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Every year fairy tales come true for 200 teenage girls with the help of the Northshore Fairy Godmother Project.

Attending prom is a common rite of passage for most girls in their senior year of high school. However, Ebbony Davis was afraid she would not have the experience. “I wasn’t able to afford the dress,” says Davis. And although she had a part-time job, it still wasn’t enough to cover the expense

Davis reached out to her guidance counselor explaining her situation. The counselor suggested applying to the Northshore Fairy Godmother Project. “When I was accepted, I was psyched and [couldn’t wait] to dive into the dresses.”

Founded 12 years ago as a General Electric of Lynn volunteer initiative, the project has blossomed into an organization providing formal dresses to the region’s disadvantaged teens. It has been a labor of love for several volunteers, including team leader Catherine Lyons.

The project receives donations of “gently worn” and new prom dresses, and as with high-end boutiques, girls make appointments to try on dresses, jewelry, and wraps for their special evening. The project also receives grants from companies, such as General Electric and Electric Insurance, to purchase extra jewelry and dresses.

“We’re an annual boutique and every girl that comes in is assigned a “Fairy Godmother” who stays with her while she’s trying on dresses,” Lyons says. “[Just about] everyone is able to find a dress, an evening bag, and jewelry.”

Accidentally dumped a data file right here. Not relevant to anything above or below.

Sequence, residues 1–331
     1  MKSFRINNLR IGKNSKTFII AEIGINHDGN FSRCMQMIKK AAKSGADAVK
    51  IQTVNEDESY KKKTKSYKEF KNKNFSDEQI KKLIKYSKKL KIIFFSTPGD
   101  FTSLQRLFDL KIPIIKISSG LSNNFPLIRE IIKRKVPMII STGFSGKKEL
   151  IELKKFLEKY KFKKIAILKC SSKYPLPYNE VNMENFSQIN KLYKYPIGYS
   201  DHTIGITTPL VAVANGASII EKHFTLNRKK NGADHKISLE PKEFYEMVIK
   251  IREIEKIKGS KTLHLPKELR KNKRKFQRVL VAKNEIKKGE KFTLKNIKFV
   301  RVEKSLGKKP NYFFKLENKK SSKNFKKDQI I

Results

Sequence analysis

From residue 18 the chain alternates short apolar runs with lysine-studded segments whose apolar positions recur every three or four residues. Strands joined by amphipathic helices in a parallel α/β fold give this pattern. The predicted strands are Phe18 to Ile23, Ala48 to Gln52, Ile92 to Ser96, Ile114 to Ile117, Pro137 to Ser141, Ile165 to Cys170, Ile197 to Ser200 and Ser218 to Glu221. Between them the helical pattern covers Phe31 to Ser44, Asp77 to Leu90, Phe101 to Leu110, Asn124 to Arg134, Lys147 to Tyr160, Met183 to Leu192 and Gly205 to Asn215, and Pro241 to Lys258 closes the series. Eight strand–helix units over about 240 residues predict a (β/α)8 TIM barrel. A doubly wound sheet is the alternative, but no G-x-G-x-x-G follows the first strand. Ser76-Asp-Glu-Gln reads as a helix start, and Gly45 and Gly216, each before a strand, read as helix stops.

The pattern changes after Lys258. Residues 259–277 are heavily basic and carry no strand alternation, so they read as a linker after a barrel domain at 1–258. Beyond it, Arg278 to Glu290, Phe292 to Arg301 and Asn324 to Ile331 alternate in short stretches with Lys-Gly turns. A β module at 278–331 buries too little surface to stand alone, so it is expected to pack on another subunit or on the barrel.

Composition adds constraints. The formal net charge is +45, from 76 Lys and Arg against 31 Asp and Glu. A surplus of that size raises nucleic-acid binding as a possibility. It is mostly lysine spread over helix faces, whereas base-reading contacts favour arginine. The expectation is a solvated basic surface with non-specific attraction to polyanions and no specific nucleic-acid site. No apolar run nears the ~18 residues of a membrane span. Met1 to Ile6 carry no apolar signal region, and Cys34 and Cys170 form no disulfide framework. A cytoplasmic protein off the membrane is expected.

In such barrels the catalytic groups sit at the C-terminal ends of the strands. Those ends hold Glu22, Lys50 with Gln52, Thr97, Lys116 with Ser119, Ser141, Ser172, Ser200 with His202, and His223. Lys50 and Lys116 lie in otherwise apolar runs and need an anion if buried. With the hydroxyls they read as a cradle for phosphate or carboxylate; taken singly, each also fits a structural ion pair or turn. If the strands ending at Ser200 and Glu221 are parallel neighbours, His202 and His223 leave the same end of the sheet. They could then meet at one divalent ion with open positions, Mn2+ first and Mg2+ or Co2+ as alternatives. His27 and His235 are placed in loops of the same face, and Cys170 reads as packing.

Lyons says getting the inventory is the easiest part of the job. More difficult is finding a place to store the 1,000 dresses and moving them to the event venue. The first year attendance was limited with about 35 girls showing up, but through word of mouth that number has quadrupled.

“There can be a stigma attached to getting a used dress,” says Lyons. “But after the first year the girls raved about the experience and the welcoming atmosphere—and of course, the amazing free dresses.”

Ziomara Escobar, a 17-year-old from Lynn, is one of the recipients of a Fairy Godmother dress. “I wasn’t planning to go,” she says. “I was pretty surprised—it was a cool experience. The people were actually interested in helping me out.” And like many teenage girls, Escobar exaggerates, saying she tried on “like 50,000 dresses” before finding the right one.

The Northshore Fairy Godmother Project encourages young women to take advantage of the program. Davis tells them, “Go, and if you don’t like anything at least you’ve looked.” She notes, “We don’t always [take advantage of] opportunities. When you have someone encouraging you, give it a try.”